When I say “Tasmania” what is the first image that pops into your mind? How about the second? My bet is that Cradle Mountain would be up there in the top three for many people. That iconic view of the mountain sitting over Dove Lake is hard to forget, and one that draws people in from around the world.
Located within the Cradle Mountain-Lake St Clair National Park, the mountain itself is surrounded by a stunning array of native wildlife, clear alpine tarns, and numerous rocky peaks, all connected by a first-class network of tracks.
When I visited the park in late January this year it was my second time to the area. My first trip was 5 years ago with my now wife, and having never been to Tasmania previously it was the only place that I knew was a must-visit. We only stayed for one night on that trip, but it didn’t disappoint. The easy walk around Dove Lake at the base of the mountain left a lasting impression of gorgeous views, tiny moss gardens and of course, a desire to return one day and sample the more adventurous side of the park.
This year I made the trip to Tassie on my own, but was hosted in Launceston by friends Scott and Laura who moved down there last year. During our scheming in the lead up to the trip we settled on the Cradle Mountain Skyline Traverse as a possible day out. As I discovered on my last trip, it’s always wise to keep a few plans up your sleeve when heading to the Apple Isle; the weather often doesn’t play ball. Luck was on our side this time though, and towards the end of the week we made the trip up to the park and spent two nights.
We arrived mid afternoon and after setting up camp at the holiday park headed straight in to Dove Lake. Being photographically like-minded, Scott and I spent the afternoon and into the night simply wandering around the tracks near the carpark taking shots, stopping intermittently to consult notes on our objective for the next day. Looking at the steep ridges on the picture-perfect silhouette of Cradle Mountain certainly had me excited, but nervous at the same time. Visions of scrambling unroped on narrow razorback ridges with huge drops either side kept jumping into my mind. Sleep wasn’t going to be easy that night.
After taking photos well into (and past) the never ending twilight, we eventually crawled into our tents after eleven. The lateness at least made sleeping easier as I tried not to let thoughts of the adventure to come crowd my mind.
After resisting the urge to throw my phone/alarm clock into the bush as it woke me, we ate a hasty breakfast. As we arrived at the Dove Lake carpark the sun was still sitting below the ridges to the east, but was high enough to light up the tips of those on the opposite side of the lake; a beautiful scene.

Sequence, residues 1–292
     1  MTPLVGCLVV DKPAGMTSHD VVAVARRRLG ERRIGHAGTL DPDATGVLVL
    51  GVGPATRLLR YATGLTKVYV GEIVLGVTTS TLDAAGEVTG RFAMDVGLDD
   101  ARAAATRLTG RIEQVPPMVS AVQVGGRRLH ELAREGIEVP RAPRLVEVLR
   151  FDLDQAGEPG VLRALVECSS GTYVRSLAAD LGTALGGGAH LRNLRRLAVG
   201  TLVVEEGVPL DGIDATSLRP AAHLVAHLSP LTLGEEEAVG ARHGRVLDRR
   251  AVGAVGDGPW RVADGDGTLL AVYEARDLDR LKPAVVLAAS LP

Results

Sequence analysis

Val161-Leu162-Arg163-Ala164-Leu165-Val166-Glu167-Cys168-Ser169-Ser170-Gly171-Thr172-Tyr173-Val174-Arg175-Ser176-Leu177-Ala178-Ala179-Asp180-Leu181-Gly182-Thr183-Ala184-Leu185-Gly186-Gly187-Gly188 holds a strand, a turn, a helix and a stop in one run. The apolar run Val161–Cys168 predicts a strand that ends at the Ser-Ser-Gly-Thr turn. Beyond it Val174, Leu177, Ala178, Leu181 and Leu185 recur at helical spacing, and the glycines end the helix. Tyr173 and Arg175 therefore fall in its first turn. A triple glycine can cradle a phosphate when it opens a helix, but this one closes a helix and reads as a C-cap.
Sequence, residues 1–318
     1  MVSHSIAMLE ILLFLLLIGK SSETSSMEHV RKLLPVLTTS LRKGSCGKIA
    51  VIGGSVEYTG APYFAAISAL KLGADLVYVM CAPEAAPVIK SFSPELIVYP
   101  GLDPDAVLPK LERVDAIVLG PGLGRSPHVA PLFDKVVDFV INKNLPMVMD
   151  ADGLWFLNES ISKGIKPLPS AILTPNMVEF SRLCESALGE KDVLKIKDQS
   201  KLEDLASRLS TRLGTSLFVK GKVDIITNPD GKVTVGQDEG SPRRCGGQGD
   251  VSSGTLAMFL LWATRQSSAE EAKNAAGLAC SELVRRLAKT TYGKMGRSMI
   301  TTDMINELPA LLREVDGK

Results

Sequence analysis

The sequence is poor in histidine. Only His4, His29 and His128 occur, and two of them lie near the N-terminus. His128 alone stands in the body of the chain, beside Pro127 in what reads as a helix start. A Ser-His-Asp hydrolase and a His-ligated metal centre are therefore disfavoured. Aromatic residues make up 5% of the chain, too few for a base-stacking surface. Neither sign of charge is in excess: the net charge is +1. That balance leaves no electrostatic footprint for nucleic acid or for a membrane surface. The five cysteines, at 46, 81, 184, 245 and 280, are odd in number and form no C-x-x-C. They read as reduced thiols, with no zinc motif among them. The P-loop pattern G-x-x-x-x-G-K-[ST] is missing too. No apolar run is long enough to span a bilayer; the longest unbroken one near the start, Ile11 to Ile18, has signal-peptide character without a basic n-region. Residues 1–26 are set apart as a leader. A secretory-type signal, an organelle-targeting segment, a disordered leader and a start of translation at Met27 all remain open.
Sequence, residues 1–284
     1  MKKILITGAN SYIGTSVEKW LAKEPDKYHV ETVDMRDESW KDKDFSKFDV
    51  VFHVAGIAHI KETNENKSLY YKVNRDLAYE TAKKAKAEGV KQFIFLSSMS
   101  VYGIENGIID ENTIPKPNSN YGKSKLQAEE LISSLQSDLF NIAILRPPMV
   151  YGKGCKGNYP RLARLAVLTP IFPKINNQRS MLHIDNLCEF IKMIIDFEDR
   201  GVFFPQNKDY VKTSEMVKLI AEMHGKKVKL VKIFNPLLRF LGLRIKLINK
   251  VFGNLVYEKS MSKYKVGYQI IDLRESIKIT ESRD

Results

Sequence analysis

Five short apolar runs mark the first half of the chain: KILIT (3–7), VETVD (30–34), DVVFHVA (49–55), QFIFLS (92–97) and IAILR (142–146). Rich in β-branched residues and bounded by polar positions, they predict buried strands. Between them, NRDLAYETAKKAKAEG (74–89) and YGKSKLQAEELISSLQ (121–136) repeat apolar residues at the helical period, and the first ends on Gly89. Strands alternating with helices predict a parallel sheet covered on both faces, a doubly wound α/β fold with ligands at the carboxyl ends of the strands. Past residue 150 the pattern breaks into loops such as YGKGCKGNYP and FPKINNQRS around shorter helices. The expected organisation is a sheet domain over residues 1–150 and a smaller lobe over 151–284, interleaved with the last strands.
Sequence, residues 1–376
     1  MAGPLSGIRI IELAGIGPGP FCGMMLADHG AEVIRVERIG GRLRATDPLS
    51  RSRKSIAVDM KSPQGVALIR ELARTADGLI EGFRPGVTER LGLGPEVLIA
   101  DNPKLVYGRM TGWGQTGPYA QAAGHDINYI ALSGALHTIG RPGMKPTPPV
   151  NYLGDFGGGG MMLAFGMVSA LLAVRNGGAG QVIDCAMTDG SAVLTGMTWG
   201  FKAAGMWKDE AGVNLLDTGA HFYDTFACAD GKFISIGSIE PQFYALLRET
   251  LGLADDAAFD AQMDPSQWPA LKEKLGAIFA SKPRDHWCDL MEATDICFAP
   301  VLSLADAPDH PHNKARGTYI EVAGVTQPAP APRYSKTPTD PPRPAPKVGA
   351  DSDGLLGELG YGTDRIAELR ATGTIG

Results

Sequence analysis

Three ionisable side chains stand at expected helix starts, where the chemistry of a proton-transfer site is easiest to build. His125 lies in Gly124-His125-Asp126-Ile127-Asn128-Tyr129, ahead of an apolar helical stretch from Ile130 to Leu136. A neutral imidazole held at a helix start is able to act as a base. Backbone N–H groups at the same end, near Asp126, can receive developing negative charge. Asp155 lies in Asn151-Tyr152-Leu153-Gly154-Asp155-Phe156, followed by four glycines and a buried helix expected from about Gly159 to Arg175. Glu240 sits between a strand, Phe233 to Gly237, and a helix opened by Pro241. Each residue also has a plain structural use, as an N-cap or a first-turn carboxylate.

We made good time on the flat, easy walking around the lake. The morning chill was soon forgotten as we all made stops to progressively strip off various outer layers; all the while, staring up at the rocky faces on the mountain above us.
The easy walking stopped abruptly once we hit the steep turn off to the face track. Ascending from beside the lake to near the base of the exposed slopes of the mountain, this connecting trail picks its way over and between rocky outcrops, bubbling creeks and exposed tree roots. On hitting the face track we turned left and continued until an obvious foot pad appeared leading up the side of Little Horn.
The ascent of the lesser of the Mountains’ two separated peaks was fairly straight forward. We did get our helmets out at this point just to be careful though, as there was some steep scrambling. As tempting as it is to skip this part of the skyline and head straight up Weindorfers Tower from the saddle, the view after this extra effort is well worth it. The hulking form of the remainder of Cradle Mountain looms ahead as a preview of what’s to come for the rest of the day.
Not far from the peak of Little Horn is the first of two abseils needed for the day. After dispensing with this and a couple of hairy down-climbs we found ourselves at the main saddle. As we approached the base of the steep, rocky slopes of Weindorfers Tower a potential route became more evident. Sure enough, there always seemed to be just enough of a path to allow reasonably safe passage as we forged ahead.
After dealing with some stubborn alpine foliage and more scrambling we reached the top of the main tower. From this point things all became a blur of awesome views, exciting scrambling and an all-round excellent adventure. Two points along the ridge do stick out in my mind:
- The second abseil was fairly straightforward and obvious, made more-so because of various bits of tat still remaining. Ascending up from the small saddle after this was quite tricky though. Definitely a few “don’t-fall” sections.
- On approaching the final stretch of ridge we reached a point where a peak seemed to block our path. Eventually we found an exposed traverse up and around to the right where we decided to rope-up. I’m sure plenty of people would be happy without it, but we thought it best.
From this point the options for travel became more flexible as the ridge widened to the left, and before long we were intercepting walkers heading for the peak on the traditional “tourist route”. The views from here are once again spectacular as you gaze towards Barn Bluff and beyond into the Tasmanian Wilderness.
At this stage you would ideally swap in your spare knees to deal with the long descent; firstly back down to Cradle Plateau, then secondly back down to the Dove Lake level. We chose to follow an alternate return track via Marions Lookout. This provided a brilliant view of the full skyline not otherwise visible from the carpark.
At roughly 11 hours door to door it was a big day, but so often those are the ones that you remember most.